It has been a long journey and it is very good law. It received proper consultation and first class scrutiny all the way through.
It gives hope to all those waiting for a transplant, not only those on the list but those who fear chronic organ failure and who may need a transplant.
I am proud that we were at the forefront of making our views known and we thank all those involved from all political parties and especially the Bill Team and the Government for getting us through over the line.
The debate was detailed and produced an Act which the Assembly and Wales can be proud and will now be a marker for other parts of the UK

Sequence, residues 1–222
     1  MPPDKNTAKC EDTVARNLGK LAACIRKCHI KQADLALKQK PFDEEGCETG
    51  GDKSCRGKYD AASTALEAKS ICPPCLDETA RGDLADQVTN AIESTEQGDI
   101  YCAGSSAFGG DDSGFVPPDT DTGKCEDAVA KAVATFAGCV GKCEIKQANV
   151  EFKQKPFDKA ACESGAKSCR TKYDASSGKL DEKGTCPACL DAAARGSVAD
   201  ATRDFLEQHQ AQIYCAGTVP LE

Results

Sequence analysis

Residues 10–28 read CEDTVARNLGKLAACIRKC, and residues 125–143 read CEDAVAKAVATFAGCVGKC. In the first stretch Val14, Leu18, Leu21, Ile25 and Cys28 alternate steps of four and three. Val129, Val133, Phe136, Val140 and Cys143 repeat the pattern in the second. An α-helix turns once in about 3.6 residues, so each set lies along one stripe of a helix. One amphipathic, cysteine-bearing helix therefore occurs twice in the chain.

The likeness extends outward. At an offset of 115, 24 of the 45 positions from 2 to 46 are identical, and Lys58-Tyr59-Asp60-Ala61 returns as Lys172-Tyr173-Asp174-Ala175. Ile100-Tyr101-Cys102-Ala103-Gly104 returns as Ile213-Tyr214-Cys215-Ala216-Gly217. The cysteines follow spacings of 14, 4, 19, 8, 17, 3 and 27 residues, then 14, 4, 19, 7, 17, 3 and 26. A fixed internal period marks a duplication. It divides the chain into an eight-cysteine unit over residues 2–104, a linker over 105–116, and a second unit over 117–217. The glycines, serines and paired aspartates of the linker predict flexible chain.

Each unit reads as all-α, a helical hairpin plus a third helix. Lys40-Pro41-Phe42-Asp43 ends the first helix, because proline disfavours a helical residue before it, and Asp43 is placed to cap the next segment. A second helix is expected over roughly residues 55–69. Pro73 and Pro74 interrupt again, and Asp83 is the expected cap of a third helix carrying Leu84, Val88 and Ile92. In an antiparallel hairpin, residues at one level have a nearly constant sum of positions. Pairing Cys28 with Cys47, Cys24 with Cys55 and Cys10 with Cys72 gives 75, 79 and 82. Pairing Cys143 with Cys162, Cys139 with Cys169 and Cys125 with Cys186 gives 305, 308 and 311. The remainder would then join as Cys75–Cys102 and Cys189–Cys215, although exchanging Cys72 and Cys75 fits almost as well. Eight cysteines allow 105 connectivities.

Christian campaign group CARE has welcomed what it describes as a 'significant shift' in the Welsh Government's approach to respecting the rights of families of potential organ donors. But the organisation says that families should still have the legal right to a veto.
Consent is so important to the functioning of any health service that this commitment to respect the views of the surviving family needs to be made in the legislation itself. In countries where a credible soft-opt-out system functions this is already the case.
With the best practice of these countries and the importance of consent in mind, there can be no good reason not to make this commitment on the face of the legislation. The National Assembly for Wales should amend the Welsh Government's Bill to make this commitment clear.